In an attempt to make non-drug based therapies more available, the British Nation Health Service of Britain has launched studies of traditional medicine, according to the BBC. This is an important step as drug companies and drug based medicine has been pushing to reduce the availability of alternative therapies in England where they are widely accepted.
The year-long trial will run in two health practices in Londonderry and Belfast and focus will be anxiety and musculoskeletal problems. The research will include widely used therapies like therapies like acupuncture, homeopathy and massage.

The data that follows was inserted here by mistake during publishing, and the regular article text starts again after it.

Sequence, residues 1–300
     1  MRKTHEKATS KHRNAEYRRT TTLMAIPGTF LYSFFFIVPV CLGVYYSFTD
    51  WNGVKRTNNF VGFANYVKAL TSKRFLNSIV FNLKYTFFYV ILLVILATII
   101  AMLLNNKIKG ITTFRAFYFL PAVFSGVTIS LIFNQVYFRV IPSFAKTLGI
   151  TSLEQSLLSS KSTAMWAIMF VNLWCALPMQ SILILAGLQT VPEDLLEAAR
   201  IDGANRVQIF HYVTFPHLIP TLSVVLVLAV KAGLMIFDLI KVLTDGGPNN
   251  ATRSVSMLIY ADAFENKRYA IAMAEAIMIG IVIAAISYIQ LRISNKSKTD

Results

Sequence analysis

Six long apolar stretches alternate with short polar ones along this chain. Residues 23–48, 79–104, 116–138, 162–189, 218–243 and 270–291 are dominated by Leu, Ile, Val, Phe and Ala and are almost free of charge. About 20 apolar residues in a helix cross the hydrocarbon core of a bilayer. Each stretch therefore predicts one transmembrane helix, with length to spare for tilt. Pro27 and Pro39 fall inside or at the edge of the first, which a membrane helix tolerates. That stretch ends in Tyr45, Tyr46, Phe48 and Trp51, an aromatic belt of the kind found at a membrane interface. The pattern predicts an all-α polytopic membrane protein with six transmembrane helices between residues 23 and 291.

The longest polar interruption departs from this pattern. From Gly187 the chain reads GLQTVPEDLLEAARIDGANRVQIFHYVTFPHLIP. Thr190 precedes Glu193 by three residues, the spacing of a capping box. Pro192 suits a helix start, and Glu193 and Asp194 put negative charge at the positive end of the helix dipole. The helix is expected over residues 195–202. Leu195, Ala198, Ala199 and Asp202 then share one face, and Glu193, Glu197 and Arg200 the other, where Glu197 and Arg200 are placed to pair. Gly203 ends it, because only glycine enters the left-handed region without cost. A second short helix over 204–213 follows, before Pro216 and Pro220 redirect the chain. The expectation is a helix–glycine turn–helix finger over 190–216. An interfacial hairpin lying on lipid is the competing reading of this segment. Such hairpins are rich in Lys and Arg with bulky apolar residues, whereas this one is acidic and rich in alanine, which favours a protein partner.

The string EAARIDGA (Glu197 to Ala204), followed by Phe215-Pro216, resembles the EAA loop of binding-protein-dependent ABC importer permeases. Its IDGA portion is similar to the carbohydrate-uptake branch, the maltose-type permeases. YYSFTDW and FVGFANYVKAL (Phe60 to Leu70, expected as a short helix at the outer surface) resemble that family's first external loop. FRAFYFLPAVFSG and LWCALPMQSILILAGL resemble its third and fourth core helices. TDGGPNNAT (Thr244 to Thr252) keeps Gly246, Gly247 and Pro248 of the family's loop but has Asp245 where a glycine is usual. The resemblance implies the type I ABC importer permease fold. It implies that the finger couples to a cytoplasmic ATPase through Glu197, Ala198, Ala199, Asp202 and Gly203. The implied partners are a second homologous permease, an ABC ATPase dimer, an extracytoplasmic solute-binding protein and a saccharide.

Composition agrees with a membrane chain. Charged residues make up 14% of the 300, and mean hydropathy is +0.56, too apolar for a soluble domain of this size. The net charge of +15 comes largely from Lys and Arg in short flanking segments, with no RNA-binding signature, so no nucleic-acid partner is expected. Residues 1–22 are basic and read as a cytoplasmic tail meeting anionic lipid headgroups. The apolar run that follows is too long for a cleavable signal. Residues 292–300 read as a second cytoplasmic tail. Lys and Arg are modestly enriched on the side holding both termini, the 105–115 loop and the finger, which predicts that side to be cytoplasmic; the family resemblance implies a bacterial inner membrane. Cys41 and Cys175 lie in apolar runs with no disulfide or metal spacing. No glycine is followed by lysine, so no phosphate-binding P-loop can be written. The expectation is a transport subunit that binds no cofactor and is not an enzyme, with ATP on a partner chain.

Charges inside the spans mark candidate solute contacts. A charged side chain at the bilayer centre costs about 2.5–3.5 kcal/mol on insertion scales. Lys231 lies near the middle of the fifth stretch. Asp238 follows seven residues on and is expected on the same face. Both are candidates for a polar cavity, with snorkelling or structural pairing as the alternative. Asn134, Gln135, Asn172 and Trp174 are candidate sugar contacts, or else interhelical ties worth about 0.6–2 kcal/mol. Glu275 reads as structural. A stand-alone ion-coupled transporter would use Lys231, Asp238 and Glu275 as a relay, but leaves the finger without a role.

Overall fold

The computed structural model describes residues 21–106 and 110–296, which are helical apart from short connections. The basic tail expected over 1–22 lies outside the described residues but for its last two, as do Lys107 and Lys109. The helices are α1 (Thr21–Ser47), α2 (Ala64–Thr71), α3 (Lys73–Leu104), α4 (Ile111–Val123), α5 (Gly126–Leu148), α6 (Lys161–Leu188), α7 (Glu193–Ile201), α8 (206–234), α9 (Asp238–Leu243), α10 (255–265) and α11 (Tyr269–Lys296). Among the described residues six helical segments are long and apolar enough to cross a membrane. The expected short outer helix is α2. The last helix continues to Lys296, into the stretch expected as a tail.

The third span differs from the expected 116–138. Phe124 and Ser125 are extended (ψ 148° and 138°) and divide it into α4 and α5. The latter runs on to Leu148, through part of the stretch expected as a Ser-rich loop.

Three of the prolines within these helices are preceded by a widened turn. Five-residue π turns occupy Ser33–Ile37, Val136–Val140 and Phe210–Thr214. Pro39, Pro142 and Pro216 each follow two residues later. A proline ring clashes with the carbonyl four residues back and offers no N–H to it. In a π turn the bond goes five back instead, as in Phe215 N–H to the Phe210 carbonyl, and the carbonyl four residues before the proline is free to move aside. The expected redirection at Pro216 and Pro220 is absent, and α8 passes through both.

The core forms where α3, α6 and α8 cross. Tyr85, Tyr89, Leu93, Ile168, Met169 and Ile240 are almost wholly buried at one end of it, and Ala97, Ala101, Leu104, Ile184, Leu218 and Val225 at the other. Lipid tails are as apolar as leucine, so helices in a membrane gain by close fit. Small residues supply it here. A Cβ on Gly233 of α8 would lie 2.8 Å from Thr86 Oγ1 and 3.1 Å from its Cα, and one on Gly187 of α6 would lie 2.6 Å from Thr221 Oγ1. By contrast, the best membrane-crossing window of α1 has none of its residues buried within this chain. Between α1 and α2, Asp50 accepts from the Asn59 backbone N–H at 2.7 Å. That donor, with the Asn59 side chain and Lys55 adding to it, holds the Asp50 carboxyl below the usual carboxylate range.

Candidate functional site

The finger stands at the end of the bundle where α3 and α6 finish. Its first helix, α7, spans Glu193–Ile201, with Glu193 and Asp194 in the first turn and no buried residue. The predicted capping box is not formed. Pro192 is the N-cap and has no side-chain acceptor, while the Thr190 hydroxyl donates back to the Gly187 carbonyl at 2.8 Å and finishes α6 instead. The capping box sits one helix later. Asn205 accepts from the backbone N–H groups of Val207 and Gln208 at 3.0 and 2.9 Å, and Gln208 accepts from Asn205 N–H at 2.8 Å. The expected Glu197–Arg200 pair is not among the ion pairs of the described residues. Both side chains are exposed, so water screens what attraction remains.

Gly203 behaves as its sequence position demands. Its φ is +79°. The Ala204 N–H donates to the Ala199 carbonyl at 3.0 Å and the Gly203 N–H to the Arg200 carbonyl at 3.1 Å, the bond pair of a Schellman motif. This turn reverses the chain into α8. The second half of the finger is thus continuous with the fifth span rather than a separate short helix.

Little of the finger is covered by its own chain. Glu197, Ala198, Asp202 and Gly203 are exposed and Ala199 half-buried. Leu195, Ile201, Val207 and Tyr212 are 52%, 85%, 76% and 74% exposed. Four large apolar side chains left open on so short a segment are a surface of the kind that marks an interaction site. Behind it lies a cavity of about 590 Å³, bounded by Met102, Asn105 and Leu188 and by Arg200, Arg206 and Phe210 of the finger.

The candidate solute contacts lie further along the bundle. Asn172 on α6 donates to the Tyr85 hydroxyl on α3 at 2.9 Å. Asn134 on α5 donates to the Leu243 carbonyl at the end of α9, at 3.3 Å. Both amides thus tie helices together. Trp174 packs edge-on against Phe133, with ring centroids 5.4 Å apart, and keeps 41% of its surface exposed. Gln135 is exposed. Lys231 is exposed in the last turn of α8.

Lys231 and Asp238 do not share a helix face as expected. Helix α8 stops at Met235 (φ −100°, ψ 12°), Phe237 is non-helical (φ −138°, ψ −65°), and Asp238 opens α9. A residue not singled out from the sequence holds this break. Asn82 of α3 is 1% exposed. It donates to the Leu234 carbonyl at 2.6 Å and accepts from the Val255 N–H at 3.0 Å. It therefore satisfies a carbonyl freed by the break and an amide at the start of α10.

Secretary Peter Hain, said the study would help those who could not afford treatments privately. “I am certain, as a user of complementary medicine myself, that this has the potential to improve health substantially,” he said.
Homeopathic medicines will be available for some National Health Service patients
This would be the first time that drug-based general practitioners would be able to refer patients directly to a complementary therapist.
“It will bring together both the mainstream and complementary sectors in what I hope will be the start of a process which will lead to full roll-out across the province.” Mr Hain is quoted by the BBC.
The pilot will be run by Get Well UK, a not-for-profit organization which promotes greater access to complementary and alternative medicine.